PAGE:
In tomorrow’s New York Times: Long Term in Drug Case Fuels Debate on Sentencing
Weldon H. Angelos, a 25-year-old producer of rap records, will be sentenced Tuesday in federal court in Salt Lake City for selling several hundred dollars in marijuana on each of three occasions, his first offenses. He faces 63 years in prison.
Laws that set mandatory minimum sentences require 55 of the 63 years because Mr. Angelos carried a gun while he sold the drugs [although he did not show or use it].
“It would appear effectively to be a life sentence,” the judge, Paul G. Cassell of Federal District Court there, wrote in a request to the prosecution and the defense for advice about whether he has any choice but to send the man to prison forever.
Judge Cassell noted what the maximum sentences were for other federal crimes:
- Hijacking an airplane: 25 years.
- Terrorist bombing intending to kill a bystander: 20 years.
- Second-degree murder: 14 years.
- Kidnapping: 13 years.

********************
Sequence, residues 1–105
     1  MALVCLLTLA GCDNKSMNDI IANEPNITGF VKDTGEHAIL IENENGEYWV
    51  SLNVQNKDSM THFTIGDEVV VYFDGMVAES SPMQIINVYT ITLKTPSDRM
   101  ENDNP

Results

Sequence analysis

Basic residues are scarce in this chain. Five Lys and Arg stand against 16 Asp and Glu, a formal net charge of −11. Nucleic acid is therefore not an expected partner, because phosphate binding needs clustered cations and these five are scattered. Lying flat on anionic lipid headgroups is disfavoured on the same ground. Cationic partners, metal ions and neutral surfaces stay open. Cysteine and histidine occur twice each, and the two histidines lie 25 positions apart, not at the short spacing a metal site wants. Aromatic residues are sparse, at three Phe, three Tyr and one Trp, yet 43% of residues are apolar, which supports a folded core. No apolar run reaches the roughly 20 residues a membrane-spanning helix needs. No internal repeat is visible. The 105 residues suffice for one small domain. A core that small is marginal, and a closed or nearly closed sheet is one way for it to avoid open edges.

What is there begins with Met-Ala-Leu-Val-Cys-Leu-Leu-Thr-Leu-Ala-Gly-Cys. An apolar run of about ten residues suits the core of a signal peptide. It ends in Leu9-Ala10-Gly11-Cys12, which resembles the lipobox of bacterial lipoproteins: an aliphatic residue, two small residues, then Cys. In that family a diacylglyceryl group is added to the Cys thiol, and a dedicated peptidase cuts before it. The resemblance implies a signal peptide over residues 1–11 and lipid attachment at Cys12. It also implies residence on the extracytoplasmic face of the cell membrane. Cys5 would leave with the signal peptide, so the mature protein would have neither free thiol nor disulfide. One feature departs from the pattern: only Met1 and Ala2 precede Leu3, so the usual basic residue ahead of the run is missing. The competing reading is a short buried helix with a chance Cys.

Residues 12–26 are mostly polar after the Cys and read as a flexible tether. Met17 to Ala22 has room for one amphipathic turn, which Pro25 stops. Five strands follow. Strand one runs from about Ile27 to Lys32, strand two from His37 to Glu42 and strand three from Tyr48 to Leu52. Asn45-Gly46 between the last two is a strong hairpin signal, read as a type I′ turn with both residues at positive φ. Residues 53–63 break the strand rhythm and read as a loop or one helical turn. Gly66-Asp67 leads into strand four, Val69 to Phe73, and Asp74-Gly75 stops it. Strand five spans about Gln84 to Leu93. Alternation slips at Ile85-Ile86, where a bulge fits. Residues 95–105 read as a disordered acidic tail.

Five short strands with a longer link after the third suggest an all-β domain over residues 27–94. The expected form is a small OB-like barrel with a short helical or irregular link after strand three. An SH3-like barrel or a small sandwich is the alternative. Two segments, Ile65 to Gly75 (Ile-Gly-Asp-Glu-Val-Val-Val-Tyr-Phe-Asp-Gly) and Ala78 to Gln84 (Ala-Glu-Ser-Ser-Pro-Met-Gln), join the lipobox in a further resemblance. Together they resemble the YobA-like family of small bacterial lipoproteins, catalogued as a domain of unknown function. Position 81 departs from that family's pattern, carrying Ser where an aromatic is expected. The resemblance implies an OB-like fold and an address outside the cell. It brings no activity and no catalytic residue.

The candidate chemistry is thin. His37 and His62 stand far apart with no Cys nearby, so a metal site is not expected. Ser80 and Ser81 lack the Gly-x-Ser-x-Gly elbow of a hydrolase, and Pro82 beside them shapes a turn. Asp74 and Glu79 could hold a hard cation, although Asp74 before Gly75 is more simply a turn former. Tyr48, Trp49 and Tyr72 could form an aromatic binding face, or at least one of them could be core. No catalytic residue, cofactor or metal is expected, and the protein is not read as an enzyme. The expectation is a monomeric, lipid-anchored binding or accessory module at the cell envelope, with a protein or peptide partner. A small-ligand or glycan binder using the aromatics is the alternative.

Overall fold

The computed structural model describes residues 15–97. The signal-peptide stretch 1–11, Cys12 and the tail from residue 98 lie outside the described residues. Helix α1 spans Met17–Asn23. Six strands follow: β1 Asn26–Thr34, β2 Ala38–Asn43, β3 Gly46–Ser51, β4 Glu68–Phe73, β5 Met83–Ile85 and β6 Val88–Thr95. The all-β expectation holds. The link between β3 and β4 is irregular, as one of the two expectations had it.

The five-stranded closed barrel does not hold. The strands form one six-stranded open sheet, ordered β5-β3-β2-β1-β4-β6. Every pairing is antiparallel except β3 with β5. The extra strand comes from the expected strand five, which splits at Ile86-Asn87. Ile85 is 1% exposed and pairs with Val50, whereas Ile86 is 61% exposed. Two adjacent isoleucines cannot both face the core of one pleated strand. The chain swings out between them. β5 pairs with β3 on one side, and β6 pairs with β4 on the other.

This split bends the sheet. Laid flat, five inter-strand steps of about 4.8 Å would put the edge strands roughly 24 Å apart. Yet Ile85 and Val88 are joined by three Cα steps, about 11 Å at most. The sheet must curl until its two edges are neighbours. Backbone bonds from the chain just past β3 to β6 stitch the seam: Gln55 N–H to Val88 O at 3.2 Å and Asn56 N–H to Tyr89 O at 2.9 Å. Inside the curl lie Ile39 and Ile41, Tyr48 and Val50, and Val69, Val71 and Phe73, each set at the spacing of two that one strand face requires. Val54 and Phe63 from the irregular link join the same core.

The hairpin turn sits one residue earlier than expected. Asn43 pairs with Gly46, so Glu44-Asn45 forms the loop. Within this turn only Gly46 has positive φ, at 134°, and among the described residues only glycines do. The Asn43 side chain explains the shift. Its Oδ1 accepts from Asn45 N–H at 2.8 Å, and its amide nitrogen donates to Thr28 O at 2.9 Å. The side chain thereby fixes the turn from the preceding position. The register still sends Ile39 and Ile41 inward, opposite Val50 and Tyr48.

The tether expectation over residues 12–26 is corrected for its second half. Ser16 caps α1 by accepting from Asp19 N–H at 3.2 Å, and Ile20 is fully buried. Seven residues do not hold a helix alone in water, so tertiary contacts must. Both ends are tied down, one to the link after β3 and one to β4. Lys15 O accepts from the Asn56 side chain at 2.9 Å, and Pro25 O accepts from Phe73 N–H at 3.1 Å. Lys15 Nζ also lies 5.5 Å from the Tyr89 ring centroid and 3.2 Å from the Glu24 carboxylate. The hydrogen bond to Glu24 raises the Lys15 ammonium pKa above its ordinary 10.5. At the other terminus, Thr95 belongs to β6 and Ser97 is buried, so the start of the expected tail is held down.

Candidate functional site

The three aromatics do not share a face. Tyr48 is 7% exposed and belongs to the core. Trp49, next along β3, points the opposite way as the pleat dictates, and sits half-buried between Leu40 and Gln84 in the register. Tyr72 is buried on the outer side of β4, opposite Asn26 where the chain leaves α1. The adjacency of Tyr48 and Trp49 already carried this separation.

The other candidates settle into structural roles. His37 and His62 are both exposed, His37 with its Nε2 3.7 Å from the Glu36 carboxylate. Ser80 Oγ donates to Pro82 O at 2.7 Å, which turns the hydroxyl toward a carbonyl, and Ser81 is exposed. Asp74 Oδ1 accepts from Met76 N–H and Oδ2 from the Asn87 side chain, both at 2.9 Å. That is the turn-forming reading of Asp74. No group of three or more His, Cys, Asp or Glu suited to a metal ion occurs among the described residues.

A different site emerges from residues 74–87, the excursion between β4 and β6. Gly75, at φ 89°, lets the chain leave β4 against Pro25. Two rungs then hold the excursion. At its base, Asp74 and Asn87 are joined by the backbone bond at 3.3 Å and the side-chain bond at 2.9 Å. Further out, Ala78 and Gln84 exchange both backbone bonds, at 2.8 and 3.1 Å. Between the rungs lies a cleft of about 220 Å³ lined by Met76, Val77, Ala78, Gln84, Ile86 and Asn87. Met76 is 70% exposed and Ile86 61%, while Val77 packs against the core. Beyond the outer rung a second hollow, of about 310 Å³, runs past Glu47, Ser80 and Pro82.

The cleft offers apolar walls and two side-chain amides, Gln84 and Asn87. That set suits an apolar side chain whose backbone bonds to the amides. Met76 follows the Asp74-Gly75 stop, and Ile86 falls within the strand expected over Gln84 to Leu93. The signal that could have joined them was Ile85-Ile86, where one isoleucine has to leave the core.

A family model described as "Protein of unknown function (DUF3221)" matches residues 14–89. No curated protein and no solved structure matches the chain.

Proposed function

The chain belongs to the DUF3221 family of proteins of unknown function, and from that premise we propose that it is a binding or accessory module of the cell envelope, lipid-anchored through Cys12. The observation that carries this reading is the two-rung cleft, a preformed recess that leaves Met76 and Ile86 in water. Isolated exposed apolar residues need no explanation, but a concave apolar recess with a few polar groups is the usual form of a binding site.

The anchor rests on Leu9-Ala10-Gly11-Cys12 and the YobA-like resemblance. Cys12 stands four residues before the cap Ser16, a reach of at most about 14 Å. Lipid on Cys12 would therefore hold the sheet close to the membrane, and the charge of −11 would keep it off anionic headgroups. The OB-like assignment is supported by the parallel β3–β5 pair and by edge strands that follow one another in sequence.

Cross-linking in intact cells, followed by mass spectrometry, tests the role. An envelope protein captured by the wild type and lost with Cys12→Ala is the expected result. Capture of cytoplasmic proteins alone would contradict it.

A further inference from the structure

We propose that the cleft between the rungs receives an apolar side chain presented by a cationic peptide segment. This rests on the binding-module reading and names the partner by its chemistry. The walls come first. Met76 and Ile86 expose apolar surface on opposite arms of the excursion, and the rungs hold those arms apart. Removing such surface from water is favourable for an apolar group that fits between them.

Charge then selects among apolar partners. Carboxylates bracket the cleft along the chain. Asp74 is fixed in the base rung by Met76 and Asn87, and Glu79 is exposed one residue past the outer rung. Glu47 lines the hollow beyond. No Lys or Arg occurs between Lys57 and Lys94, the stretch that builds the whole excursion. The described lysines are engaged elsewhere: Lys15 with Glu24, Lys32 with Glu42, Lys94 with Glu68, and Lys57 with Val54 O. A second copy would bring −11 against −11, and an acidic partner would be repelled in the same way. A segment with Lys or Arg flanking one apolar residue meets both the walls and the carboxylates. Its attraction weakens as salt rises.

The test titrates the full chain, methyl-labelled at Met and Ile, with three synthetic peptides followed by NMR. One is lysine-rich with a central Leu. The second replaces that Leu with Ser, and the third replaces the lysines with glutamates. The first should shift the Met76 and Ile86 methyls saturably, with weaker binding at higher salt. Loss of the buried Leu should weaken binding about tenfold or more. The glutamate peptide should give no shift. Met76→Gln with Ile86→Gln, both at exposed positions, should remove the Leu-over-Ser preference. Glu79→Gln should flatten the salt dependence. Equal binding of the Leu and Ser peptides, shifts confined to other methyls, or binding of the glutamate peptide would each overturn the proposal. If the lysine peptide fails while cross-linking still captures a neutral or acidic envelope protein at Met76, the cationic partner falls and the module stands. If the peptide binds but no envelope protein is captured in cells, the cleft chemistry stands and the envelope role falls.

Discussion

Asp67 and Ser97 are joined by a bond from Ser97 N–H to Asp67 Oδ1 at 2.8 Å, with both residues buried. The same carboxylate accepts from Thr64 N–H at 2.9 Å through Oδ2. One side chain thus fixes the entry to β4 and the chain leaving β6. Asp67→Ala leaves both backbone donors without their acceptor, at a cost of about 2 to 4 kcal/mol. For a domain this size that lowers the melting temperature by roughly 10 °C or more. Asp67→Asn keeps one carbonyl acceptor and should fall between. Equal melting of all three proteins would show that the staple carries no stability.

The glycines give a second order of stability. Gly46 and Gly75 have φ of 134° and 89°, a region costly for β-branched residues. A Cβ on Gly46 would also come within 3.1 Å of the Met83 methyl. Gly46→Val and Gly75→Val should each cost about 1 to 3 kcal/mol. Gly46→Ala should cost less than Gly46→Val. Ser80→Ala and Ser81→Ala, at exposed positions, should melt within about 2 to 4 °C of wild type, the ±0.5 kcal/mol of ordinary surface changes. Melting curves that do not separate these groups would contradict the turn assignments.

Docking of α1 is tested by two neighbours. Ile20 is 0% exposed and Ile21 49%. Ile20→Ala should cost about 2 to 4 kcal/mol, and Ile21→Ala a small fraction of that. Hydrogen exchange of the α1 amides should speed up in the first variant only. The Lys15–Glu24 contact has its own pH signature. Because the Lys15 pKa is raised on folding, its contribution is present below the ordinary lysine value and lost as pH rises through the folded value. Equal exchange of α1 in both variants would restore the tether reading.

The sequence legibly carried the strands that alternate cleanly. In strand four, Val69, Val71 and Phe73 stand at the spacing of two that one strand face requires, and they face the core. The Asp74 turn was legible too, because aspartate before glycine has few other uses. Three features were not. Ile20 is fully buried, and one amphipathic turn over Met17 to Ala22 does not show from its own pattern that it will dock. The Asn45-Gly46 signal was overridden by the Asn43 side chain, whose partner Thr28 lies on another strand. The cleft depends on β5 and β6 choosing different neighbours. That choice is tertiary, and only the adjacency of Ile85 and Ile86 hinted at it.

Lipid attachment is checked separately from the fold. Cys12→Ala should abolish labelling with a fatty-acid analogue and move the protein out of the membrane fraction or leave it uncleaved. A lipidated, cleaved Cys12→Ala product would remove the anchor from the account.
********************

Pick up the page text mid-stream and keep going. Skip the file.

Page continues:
- Rape of a 10-year-old: 11 years.
The Justice Department supports mandatory minimums, said Monica Goodling, a spokeswoman.
“Tough but fair mandatory minimum sentences take habitual lawbreakers off the streets, lock up the most dangerous criminals and help ensure the safety of law-abiding Americans,” Ms. Goodling said.
The Justice Department needs to look up the word “justice,” or perhaps read some Shakespeare.
The quality of mercy is not strain’d,
It droppeth as the gentle rain from heaven
Upon the place beneath; it is twice bless’d;
It blesseth him that gives and him that takes:
‘Tis mightiest in the mightiest; it becomes
The throned monarch better than his crown …
It is an attribute to God himself;
And earthly power doth then show likest god’s
When mercy seasons justice…
That in the course of justice none of us
Should see salvation: we do pray for mercy,
And that same prayer doth teach us all to render
The deeds of mercy.– Shakespeare
Mandatory minimums for drug crimes are not equitable, not merciful, not compassionate, not fair, not just, and not smart.